/jun 18, 2020

How to Secure Single-Page Applications

By Laura Paine

Let’s face it; consumers’ attention spans are getting shorter by the day. Gone are the days of people willing to wait several minutes for a clunky website with a poor user experience to load. In fact, 47 percent of users expect the average page to load in less than 2 seconds before they leave, resulting in billions in missed potential revenue. With the increased competition for consumer attention, companies have turned to single-page applications (SPAs) to overcome the technical challenge of providing a better experience with fewer development efforts. The widespread use of this technology provides a unique challenge for security teams looking to mitigate their risk of breach, as traditional scanning methods may not provide the necessary coverage. This is alarming because, according to the 2020 Verizon Data Breach Investigations Report, web applications were involved in 43 percent of all breaches.

How SPAs work

SPAs work well because a single HTML page is loaded in the browser and the content is dynamically updated without needing to refresh the entire page. This decreases the chance of users bouncing off the page because of load delays caused by rendering HTML files on uncertain networks. The page can load in as little as 0.2 seconds, which can lead to longer and more meaningful interactions.

In addition to a more engaging experience, SPAs are easy for developers to build and deploy. SPAs are developed using frameworks like React and Angular, making it easy to debug with Chrome. Apps built with these frameworks typically interact with a back end implemented as RESTful API, typically through the fetch() JavaScript call. Since all the data sits under a single location on the client’s side, developers only have to deal with one HTML file, making things much faster and simpler. 

Security challenges with SPAs

Although SPAs provide a better experience for developers and consumers, they come with their own set of security challenges. The inability to adequately scan them, coupled with the large number of SPAs deployed by organizations, give cyberattackers a wide attack surface. Traditionally, multi-page applications have a number of URLs for a scanner to crawl through in order to consider a scan complete. When a scanner does not support single-page applications, it is unable to scan much at all and returns quickly with few CWEs, resulting in a false sense of security.

SPAs are especially vulnerable to Cross-Site Scripting (XSS) attacks, since users are making server requests in JavaScript that result in outputs in HTML. As developers are moving logic and features from the server and to the client, it becomes easy to accidentally allow improper access to confidential data. This can lead to lawsuits, hefty fines, a bad PR storm, and reduced sales due to lack of public trust.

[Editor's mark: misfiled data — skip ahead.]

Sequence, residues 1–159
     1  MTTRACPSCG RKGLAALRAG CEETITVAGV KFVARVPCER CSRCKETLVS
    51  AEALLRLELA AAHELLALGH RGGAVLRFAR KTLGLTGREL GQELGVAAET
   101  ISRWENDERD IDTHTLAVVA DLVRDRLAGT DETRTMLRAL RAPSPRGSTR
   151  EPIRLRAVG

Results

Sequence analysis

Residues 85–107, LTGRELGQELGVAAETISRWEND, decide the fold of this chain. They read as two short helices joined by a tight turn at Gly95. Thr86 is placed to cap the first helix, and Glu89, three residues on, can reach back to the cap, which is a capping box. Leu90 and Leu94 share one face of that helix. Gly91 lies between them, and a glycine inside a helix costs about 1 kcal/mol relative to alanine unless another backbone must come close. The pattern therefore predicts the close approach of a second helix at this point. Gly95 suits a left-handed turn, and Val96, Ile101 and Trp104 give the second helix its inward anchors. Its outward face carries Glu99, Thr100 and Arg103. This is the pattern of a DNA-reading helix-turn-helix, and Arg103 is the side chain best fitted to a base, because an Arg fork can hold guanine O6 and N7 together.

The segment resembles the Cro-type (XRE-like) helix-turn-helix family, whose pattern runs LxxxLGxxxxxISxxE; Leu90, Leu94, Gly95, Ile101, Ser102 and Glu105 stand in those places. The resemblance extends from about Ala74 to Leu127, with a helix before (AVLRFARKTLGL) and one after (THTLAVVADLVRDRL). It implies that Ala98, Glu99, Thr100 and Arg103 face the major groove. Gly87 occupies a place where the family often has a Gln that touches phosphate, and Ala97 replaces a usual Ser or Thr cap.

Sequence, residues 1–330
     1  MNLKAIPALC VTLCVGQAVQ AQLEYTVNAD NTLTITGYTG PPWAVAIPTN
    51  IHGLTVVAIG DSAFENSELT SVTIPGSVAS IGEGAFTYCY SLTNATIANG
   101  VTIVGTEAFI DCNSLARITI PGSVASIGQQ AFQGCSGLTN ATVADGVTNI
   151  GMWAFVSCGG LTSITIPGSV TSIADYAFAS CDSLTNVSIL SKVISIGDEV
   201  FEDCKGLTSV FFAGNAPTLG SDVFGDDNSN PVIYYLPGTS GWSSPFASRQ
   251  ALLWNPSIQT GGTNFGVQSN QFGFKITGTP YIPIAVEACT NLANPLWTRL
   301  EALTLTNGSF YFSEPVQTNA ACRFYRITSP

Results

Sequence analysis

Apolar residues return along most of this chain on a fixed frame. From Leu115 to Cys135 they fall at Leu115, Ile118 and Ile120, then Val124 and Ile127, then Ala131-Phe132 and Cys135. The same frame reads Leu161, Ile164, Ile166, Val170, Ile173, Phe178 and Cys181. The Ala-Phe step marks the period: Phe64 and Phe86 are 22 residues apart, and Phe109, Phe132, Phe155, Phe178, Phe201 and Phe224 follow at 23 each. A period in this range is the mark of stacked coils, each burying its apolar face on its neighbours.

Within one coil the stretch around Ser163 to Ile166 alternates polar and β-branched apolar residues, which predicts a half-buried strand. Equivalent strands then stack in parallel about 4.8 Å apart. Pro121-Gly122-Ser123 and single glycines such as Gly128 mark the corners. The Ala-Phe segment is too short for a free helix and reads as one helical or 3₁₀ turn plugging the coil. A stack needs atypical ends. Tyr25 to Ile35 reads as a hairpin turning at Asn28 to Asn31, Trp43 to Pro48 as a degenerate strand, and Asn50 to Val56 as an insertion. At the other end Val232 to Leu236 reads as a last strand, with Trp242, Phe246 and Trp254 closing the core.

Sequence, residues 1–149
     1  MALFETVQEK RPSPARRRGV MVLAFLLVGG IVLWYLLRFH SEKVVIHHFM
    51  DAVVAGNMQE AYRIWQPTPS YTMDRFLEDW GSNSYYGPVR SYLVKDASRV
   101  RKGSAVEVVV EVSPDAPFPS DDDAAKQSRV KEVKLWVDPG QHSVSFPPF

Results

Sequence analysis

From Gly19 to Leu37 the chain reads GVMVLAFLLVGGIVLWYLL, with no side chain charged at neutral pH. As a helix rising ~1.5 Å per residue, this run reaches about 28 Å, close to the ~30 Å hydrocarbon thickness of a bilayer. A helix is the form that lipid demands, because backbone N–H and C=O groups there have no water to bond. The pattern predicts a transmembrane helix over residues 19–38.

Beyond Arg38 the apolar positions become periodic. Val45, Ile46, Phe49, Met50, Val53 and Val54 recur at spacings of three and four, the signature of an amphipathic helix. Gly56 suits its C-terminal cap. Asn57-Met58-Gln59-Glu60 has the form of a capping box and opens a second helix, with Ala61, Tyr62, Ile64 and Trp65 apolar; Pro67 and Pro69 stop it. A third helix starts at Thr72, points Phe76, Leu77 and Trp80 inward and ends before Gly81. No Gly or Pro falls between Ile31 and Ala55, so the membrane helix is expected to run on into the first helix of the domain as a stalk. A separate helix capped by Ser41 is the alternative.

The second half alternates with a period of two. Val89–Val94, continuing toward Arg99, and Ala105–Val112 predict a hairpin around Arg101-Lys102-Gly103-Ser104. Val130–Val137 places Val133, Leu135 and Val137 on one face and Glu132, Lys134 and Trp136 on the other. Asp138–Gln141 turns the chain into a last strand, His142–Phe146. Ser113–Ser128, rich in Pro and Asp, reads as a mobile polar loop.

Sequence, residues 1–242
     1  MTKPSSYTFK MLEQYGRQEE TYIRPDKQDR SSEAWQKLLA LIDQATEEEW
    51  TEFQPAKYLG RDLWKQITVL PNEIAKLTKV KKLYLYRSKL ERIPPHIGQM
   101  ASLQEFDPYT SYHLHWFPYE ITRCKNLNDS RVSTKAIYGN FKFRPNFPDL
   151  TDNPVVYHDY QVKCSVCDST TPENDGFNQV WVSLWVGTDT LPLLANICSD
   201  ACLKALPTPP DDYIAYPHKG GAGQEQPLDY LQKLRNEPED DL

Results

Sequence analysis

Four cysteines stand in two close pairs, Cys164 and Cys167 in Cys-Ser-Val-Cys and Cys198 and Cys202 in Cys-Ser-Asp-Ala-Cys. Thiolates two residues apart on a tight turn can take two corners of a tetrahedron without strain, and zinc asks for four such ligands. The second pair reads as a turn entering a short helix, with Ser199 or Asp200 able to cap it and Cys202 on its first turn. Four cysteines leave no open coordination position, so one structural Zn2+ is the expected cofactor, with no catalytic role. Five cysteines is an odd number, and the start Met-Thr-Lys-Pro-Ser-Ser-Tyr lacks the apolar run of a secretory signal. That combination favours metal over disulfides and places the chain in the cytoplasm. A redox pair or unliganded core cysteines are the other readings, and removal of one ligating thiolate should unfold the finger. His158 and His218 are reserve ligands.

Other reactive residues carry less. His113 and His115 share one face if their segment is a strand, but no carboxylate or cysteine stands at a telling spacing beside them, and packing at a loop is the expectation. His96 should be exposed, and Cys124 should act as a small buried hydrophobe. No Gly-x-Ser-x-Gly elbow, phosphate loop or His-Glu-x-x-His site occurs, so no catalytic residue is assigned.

How to prevent your SPAs from getting breached

There are two ways to ensure that SPAs are properly tested for security.

The first is to have an expert penetration tester attack the application manually. Pen testers can find all levels of vulnerabilities, but many organizations like to focus their tests on the areas where automation is difficult, such as business logic. The downside of solely using pen testing is the lack of scalability across the application portfolio, which prevents frequent testing. Without frequent testing, mitigating the risk of attack would be nearly impossible. 

The second solution is to use automated security scanning technologies. Organizations need to use a Dynamic Analysis solution that has the ability to automatically and effectively scan SPAs. Veracode Dynamic Analysis has a unique approach to this problem. Our scanning engine uses an embedded browser in order to record and replay a series of actions that users are likely to take as they browse a single-page application. Because the scanner mimics real-world user actions inside a browser instead of simply observing network traffic, it can navigate through the SPA, despite it only consisting of a single URL. This process is then followed until the application has been successfully scanned. Without an embedded browser, which is the case with traditional dynamic scanning, it is extremely difficult to achieve this same level of coverage.

Learn more

Securing your web applications can seem like a daunting task, but it doesn’t have to be. To learn more, please download our whitepaper, Reducing Your Risk of a Breach with Dynamic Analysis, or to schedule a demo now, click here.

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By Laura Paine

Laura Paine is a senior product marketing manager at Veracode, based in Burlington, MA.